4 P’s for Placemaking


Initially published at CAAC blog


Several definitions tackle the concept of Place Making. The description of Wikipedia cannot be dismissed, as it enounces that “Placemaking is a multi-faceted approach to the planning, design and management of public spaces. Placemaking capitalizes on a local community’s assets, inspiration, and potential, with the intention of creating public spaces that promote people’s health, happiness, and well being.” Therefore, it makes sense to highlight the depiction by Chris Eaker, as “a public space where it just felt good.” Or the account of Creative Placemaking given by Pru Robey, Director of Artscape’s Creative Placemaking Lab, and Tim Jones, President and CEO:


Capital, the explanation of the Project for Public Spaces: “Placemaking’ is both an overarching idea and a hands-on tool for improving a neighborhood, city or region. It has the potential to be one of the most transformative ideas of this century.” They have also identified eleven principles for a successful placemaking.

From all the literature, three main factors in placemaking can be stressed:

People: If the community, the civil society and the individual citizens / artists are not involved to a degree that makes them own the initiative avoiding tokenism… we’re just before another regeneration project with good intentions but not enough impact. However, for this transition to happen, people must be given enough means to maximize shared value. That’s where the other two factors become essential:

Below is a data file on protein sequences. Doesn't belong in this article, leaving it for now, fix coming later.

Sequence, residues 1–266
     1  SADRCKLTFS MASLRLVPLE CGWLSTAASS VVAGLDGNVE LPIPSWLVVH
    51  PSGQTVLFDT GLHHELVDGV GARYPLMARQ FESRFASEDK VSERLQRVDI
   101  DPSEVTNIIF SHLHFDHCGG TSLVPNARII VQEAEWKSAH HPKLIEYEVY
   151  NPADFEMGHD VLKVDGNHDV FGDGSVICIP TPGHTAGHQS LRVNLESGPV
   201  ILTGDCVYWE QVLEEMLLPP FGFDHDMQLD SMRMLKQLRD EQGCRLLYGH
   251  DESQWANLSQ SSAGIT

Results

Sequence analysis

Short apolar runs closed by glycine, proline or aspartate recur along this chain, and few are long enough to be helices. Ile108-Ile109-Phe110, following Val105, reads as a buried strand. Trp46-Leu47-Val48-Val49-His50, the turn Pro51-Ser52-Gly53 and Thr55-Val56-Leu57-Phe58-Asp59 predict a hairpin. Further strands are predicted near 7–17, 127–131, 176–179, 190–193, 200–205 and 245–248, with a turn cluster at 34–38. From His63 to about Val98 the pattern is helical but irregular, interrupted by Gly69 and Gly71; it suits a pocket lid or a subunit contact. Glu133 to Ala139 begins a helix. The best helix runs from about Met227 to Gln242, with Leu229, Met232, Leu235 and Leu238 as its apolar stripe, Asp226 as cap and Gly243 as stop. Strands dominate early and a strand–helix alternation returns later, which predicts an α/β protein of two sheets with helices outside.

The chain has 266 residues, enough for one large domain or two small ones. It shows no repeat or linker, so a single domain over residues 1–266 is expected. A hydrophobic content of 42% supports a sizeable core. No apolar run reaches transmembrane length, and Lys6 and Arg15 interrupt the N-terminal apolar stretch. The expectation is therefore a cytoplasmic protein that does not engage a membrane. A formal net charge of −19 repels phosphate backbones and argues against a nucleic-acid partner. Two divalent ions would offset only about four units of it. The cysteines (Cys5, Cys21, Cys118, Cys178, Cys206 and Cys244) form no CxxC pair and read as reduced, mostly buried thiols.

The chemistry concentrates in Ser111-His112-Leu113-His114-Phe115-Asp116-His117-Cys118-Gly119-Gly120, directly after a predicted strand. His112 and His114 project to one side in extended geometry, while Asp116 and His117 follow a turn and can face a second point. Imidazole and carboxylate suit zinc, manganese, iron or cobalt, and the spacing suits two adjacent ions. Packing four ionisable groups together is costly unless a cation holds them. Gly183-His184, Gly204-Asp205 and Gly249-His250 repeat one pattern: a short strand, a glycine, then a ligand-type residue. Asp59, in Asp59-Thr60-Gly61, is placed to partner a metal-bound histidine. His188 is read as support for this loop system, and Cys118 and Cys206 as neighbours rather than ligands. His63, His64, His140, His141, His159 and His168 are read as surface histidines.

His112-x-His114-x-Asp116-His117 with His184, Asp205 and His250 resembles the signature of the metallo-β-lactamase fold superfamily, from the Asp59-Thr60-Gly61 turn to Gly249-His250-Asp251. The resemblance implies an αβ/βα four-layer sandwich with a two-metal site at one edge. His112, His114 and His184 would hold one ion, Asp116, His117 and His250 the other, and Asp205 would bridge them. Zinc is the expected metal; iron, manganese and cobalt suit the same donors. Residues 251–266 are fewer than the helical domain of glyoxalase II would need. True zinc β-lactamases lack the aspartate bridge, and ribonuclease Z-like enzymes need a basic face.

Public Authorities: Regulations, funds, political will, council involvement… many readings for a simple statement: the local authority has to be part of the process, as an actor but also as a facilitator. And this dialogue, to be fruitful, cannot be limited to formal events / memos.

Project: Placemaking cannot be the answer to a lack of interventions neither the response to an indefinite “let’s do something”. So the project approach is the basis; meaning that the vision has to be identified by the community, that the resources have to be gathered and implemented, that triangulation has to be searched for and that roles should be clarified.

Those are the factors inspiring me as a City Storyteller. Moreover, these three P’s can be summarized in the fourth: Partnership.

Are you missing a P?

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